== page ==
We are still looking at houses.  I feel like I am being very picky, but I know we will find the perfect house for us, even if it takes six months.  I am also working on repairing my credit, which is damaged from a very bad time in my life several years ago.  It is frustrating, because we cannot currently get approved for the amount we can actually afford, and it feels as though I am being punished for things that happened years ago, even though I have since cleaned up my life and been responsible.  Marc’s credit is very good, and I feel bad to be pulling things down, even though I know he doesn’t blame me for it.

But enough of those problems… I know that things will work out for us!  I am working very hard to fix things, and sooner or later I will see results.

FO: Danica

Pattern: Danica Scarf, from Knitty

Yarn: Patons SWS in Natural Pink, around 3 skeins

Needles: US 8

Notes: I have a love/hate relationship with scarves.  By the time I finish one, I’m so sick of it that I swear I’ll never make another… until ten minutes later when I see one that strikes my fancy!  You see, I love to wear scarves.  I wear one almost every day from September to April, and I even wear them indoors all the time (I am terminally cold!)  This scarf seemed to take forever (I started in July,) but to be fair I did have a wedding in the middle.  I love the results – it’s so pretty and unusual, and I love the colors.  I think I could have gone down a needle size or two, but I’m glad it didn’t take any longer.  I chose to block mine, which does admittedly reduce the “woven” look of entrelac, but it also allowed the SWS to soften enough to be nice on the neck, as well as giving the scarf a good extra 9 inches in length.  I recommend this scarf – it was a good first entrelac project because the squares are relatively large – 10 stitches as opposed to the 5 in some patterns.  I did not have to learn to knit backwards, which is good, since I really didn’t want to.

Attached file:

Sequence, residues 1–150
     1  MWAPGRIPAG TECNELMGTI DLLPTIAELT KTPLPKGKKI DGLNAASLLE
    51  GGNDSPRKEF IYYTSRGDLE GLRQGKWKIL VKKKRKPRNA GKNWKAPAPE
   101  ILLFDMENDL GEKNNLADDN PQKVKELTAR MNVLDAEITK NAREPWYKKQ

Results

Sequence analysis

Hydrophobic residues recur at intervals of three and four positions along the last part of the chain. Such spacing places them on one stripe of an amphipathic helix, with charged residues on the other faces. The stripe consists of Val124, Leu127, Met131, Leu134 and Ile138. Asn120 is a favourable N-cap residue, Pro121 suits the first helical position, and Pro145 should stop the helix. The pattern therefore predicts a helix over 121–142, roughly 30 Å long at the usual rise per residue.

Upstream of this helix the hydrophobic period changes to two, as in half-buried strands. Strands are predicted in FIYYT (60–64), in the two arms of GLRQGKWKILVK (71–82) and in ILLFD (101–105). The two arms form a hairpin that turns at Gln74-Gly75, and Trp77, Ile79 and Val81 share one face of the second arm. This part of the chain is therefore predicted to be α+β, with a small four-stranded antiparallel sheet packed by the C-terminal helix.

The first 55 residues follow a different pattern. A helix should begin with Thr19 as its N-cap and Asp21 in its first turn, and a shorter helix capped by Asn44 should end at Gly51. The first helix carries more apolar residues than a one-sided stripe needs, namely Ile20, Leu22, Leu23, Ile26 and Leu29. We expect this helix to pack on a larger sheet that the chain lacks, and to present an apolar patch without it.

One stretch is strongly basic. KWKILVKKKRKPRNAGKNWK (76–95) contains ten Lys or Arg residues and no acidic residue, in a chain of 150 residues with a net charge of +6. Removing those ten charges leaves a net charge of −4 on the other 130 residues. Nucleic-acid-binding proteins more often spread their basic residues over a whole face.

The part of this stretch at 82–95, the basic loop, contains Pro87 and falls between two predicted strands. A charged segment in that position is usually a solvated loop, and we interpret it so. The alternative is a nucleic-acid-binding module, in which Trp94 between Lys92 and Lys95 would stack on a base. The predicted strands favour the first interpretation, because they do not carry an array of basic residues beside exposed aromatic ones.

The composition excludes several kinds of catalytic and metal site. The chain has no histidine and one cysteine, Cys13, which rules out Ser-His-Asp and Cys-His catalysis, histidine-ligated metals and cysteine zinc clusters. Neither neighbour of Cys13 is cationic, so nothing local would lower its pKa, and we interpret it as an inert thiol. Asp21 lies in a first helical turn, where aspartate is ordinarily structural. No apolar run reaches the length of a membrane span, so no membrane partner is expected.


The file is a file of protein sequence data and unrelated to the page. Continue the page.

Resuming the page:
And now, of course,  I have already discovered my next scarfy project.

It’s Gigi, from Annie Modesitt’s “Romantic Hand Knits” made of Tilli Thomas Disco Lights in Jade.  If this scarf takes as long as my past few have, I will not feel guilty about that yarn (and besides, I did get it at a discounted price a while ago… it has been waiting!)